Monday, 10 August, 2015
2015-08-10 17:57:51.33 GMT
By Scott Hamilton and Jennifer Ryan
(Bloomberg) — David Miles said there was a “reasonable”
argument for the Bank of England to raise interest rates last week in order to avoid faster tightening in future.
“I thought there was a case for beginning the journey now,” the BOE policy maker said in an interview in London on Monday as he explained how close he came to voting for higher borrowing costs at his final meeting on the Monetary Policy Committee. “It was a perfectly reasonable case.”
In the end, only one member of the nine-member MPC, Ian McCafferty, wanted to increase the benchmark interest rate from a record-low 0.5 percent even as the panel projected above- target inflation in three years. Most economists had anticipated that at least one other official would push for tightening.
“Sterling had gone up a bit, oil prices had fallen a bit, there were somewhat ambiguous signals from the labor market, but on balance it was a set of economic news that probably reduced at least the near-term inflation profile by a non-trivial amount,” he said. “For me that was what made the decision ultimately one to keep policy on hold.”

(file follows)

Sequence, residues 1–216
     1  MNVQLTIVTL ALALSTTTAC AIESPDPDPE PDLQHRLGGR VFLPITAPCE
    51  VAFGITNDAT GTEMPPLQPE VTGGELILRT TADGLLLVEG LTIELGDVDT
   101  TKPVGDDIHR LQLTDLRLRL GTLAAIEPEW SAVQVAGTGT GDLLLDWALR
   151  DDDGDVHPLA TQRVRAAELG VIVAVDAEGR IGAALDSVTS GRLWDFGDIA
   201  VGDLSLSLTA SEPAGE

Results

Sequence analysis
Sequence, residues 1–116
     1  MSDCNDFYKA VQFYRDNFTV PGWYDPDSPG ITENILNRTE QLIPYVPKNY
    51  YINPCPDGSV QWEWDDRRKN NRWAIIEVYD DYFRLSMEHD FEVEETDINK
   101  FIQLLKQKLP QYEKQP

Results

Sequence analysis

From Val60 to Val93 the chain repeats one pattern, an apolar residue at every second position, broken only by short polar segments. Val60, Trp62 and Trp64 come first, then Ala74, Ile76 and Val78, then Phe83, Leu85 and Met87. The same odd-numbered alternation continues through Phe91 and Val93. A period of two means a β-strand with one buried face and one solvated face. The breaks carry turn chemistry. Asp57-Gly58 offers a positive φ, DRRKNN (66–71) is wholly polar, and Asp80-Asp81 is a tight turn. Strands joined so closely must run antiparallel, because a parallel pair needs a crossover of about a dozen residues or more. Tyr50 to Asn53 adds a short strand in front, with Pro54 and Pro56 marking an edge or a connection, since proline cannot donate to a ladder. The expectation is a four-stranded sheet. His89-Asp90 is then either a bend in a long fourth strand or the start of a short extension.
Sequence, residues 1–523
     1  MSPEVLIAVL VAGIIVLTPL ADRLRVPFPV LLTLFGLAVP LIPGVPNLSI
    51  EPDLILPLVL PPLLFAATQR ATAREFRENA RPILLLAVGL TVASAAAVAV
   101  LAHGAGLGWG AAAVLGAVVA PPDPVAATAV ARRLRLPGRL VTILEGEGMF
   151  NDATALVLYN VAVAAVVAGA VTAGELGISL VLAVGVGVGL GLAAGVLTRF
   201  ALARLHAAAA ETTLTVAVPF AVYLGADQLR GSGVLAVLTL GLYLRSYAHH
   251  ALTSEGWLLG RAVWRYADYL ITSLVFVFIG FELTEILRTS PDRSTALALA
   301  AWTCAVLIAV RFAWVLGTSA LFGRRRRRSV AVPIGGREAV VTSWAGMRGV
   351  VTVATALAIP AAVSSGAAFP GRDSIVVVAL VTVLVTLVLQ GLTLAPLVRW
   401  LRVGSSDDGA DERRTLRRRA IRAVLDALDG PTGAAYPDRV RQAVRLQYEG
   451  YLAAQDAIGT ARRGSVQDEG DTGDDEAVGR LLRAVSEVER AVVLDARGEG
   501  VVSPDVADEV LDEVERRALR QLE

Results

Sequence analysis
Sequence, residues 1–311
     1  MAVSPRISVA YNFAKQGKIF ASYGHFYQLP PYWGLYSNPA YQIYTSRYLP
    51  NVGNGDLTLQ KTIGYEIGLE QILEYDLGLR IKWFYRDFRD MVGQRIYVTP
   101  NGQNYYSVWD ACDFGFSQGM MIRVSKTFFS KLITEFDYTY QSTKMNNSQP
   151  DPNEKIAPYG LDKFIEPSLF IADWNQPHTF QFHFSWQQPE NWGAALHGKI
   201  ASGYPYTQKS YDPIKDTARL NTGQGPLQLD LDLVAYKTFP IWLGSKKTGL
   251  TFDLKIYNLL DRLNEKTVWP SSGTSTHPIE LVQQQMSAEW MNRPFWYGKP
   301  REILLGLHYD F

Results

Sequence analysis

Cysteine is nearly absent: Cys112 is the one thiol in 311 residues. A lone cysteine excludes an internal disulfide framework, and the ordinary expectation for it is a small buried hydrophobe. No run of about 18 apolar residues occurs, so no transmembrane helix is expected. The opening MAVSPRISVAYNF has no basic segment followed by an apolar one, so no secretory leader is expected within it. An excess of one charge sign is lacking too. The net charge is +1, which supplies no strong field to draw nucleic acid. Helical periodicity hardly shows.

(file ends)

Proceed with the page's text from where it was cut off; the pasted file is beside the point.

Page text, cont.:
Miles suggested that the decision wasn’t an easy one.
“Ian McCafferty came out on one side of that and I was on the other side, but it wasn’t a compelling clear-cut case one way or the other for me.”
Miles, who joined the MPC in 2009 and is also a professor of financial economics at Imperial College Business School in London, will leave the committee on Aug. 31, to be replaced by Brevan Howard Asset Management economist Gertjan Vlieghe.
Miles, speaking in his office at the BOE, said the date of the first interest-rate increase is less significant than the overall path of borrowing costs. It’s likely that in two to three years’ time, inflation will be around the 2 percent target, spare capacity will be “all but gone,” and the economy will be growing at 2.5 percent to 3 percent a year over that time, he said.
“You might consider that an environment in which monetary policy might move back to a more neutral level,” Miles said.
“Supposing you thought that where you might want to get to, 2 1/2 to three years down the road, is 2.5 to 3 percent on interest rates so you need 200 to 250 basis points of increases in rates and you wanted to grow gradually,” he said. “That’s quite consistent with not immediately increasing interest rates, but at the same time you wouldn’t expect to be waiting around many, many months and well into next year before you started this journey.”
Miles cautioned that delaying in increase might require faster tightening.
“The longer you leave it, the slightly more steep that trajectory becomes,” he said.
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